She also revealed that she was the first chef/author to become the winner of Helen Keller Personal Achievement Award in 2014, an award given to people and organizations that "demonstrated outstanding achievement in improving quality of life for people with vision loss".[20] Past/current winners included musicians Stevie Wonder, Ray Charles and Tom Sullivan, actor Charlie Cox (who portrayed a blind superhero, Matt Murdock/Daredevil, was awarded in June 2015[20]) and businessman Bernard A. Newcomb.[21]

She has also opened small-scale pop-up restaurants around the world in the 5 years since winning Master Chef (2012–2017).[10]

The lady has an extraordinary palate, a palate of incredible finesse. She picks up hot ingredients, touches them, and she thinks about this image on the plate. She has the most disciplined execution on a plate that we've ever seen. But the palate is where it's just extraordinary. And honestly, I know chefs with Michelin stars that don't have palates like hers.

Gordon Ramsay, a judge on MasterChef[22]

She has traveled around the world to give TED talks about her life experiences as a blind cook and the lessons she has learned along the way [2][3][4]. "Christine has also served as a culinary envoy on behalf of the American Embassy in cultural diplomacy programs in Jordan, Serbia, Bosnia and Herzegovina, and Croatia".[8]

In 2018, Hà opened a Vietnamese gastropub in Bravery Chef Hall in Houston, Texas named "The Blind Goat". The name is a combination of her disability and her Vietnamese zodiac sign. The Blind Goat received three stars from the Houston Chronicle and was named a semi-finalist for Best New Restaurant in America by the James Beard Foundation in 2020. In the same Bravery Chef Hall, she and her husband John Suh opened a Korean restaurant called "The Sighted Pig Test Kitchen", which is a combination of her husbands zodiac sign.[23] The menu is centered around authentic Vietnamese dishes, specifically drawing inspiration from Nhau cuisine. Beginning June 2018, Ha began working on her memoir and second cookbook.

At the start of 2020, Ha teamed up with Saigon House chef and owner, Tony Nguyen, to open Xin Chao restaurant in Houston. The menu showcases their Vietnamese-American heritage and culinary skills with a contemporary approach to traditional Vietnamese dishes with a touch of Texas BBQ and Gulf Coast seafood.[8]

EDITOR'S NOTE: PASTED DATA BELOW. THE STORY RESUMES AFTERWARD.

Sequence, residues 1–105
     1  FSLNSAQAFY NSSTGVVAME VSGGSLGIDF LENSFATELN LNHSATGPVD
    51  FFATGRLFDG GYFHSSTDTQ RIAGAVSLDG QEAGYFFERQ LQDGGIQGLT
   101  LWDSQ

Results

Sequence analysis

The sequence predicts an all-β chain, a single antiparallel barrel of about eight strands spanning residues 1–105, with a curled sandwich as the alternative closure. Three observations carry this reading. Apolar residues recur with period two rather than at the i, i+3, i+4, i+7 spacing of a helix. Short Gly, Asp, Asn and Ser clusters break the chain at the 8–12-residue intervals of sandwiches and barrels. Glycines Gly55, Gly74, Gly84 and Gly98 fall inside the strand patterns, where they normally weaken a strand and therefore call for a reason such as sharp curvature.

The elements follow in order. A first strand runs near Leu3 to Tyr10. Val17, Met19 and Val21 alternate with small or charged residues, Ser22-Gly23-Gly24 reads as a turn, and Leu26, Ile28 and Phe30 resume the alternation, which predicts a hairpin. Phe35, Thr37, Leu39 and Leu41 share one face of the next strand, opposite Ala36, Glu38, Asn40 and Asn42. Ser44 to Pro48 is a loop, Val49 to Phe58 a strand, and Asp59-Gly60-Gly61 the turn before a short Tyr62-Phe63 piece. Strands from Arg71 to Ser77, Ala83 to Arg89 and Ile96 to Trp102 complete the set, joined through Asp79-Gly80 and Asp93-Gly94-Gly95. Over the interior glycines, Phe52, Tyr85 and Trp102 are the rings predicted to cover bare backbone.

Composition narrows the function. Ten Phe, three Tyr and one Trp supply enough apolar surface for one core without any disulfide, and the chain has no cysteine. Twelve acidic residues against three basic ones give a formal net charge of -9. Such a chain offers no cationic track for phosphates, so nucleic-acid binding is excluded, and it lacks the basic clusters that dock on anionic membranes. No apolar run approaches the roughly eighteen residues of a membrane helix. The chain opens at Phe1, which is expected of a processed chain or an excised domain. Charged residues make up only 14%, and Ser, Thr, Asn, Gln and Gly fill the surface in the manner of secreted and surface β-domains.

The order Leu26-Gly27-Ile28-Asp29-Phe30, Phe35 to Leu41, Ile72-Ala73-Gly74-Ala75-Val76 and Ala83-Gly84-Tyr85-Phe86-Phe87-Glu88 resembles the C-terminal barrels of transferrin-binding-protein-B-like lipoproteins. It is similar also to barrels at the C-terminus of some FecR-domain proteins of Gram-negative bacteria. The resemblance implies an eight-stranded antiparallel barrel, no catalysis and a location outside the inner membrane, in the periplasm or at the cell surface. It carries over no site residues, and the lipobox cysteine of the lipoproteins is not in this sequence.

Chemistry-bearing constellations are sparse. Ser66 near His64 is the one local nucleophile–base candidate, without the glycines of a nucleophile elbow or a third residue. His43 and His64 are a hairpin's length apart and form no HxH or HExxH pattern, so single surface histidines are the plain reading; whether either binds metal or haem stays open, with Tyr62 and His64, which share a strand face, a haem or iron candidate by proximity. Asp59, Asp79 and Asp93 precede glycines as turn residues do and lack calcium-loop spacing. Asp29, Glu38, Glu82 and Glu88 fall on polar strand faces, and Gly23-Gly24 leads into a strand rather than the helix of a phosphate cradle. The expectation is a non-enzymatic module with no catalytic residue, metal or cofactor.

References[edit]

  1. ^ Ngô Minh Trí (October 7, 2012). "Vua bếp Mỹ quảng bá hương vị Việt". Thanh Nien News. Retrieved October 9, 2012.
  2. ^ Aaron Parsley; Liza Hamm (June 4, 2012). "Christine Ha Is MasterChef's First Blind Contestant". People. Retrieved September 11, 2012.
  3. ^ a b RYAN OWENS & MEREDITH FROST (September 11, 2012). "Blind Chef Christine Ha Crowned 'MasterChef' in Finale". ABC News. Retrieved September 15, 2012.
  4. ^ TEDx Talks (April 19, 2016), How the Blind See the World | Christine Ha | TEDxUCSD, retrieved October 3, 2018
  5. ^ Rene Lynch, 'MasterChef' finalist Christine Hà on being blind, and a fighter, Los Angeles Times, September 5, 2012
  6. ^ "YouTube" – via YouTube.
  7. ^ a b McLean, Kate (June 13, 2018). "Chef Chat: Christine Hà Sees Things Quite Clearly". Houston Press. Retrieved October 3, 2018.
  8. ^ a b c "Christine Ha". London Speaker Bureau Asia. Retrieved October 3, 2018.
  9. ^ Blind chef serves up tough competition, Fox News, September 9, 2012
  10. ^ a b Christine Ha (September 20, 2017), Five years after MasterChef: Q&A with season 3 winner Christine Ha, retrieved December 7, 2017
  11. ^ "YouTube".
  12. ^ "Interview with Christine Ha, MasterChef Winner, Writer, and Chef - American Foundation for the Blind". afb.org. Retrieved October 3, 2018.
  13. ^ "The Art of Food and Literature". Gulf Coast - A Journal of Literature and Fine Arts. February 2, 2012. Archived from the original on July 16, 2012. Retrieved September 15, 2012.
  14. ^ "Four Senses set to premiere on AMI-tv" (Press release). AMI-TV. January 21, 2014. Archived from the original on January 7, 2016. Retrieved June 19, 2014.
  15. ^ Joe Bastianich Blogs: Why Christine Ha Won MasterChef, People, 09/11/2012
  16. ^ Ha, Christine (May 14, 2013). Recipes from My Home Kitchen: Asian and American Comfort Food from the Winner of MasterChef Season 3 on FOX. Potter/Ten Speed/Harmony/Rodale. ISBN 9781623360955.
  17. ^ "Four Senses a Christine Ha Cooking Show - The Blind Cook". theblindcook.com.
  18. ^ "Four Senses". ami.ca. Archived from the original on August 31, 2015. Retrieved August 27, 2015.
  19. ^ Newspaper, Tuoi Tre. "American chef Christine Ha to judge MasterChef Vietnam". tuoitrenews.vn. Retrieved August 28, 2015.
  20. ^ a b "Helen Keller Achievement Awards 2015 - American Foundation for the Blind". afb.org. Archived from the original on June 21, 2015. Retrieved September 6, 2015.
  21. ^ "The American Foundation for the Blind Helen Keller Achievement Award Recipients - American Foundation for the Blind". afb.org. Retrieved September 6, 2015.
  22. ^ [1], HuffPost, 09/11/2012
  23. ^ "Blind Chef to Open a New Restaurant That Defies Ordinary Description in Hot New Food Hall: From Reality TV Winner to Houston Game Changer | PaperCity Magazine". PaperCity Magazine. April 4, 2018. Retrieved October 3, 2018.

External links[edit]

Preceded by MasterChef winner
2012
Succeeded by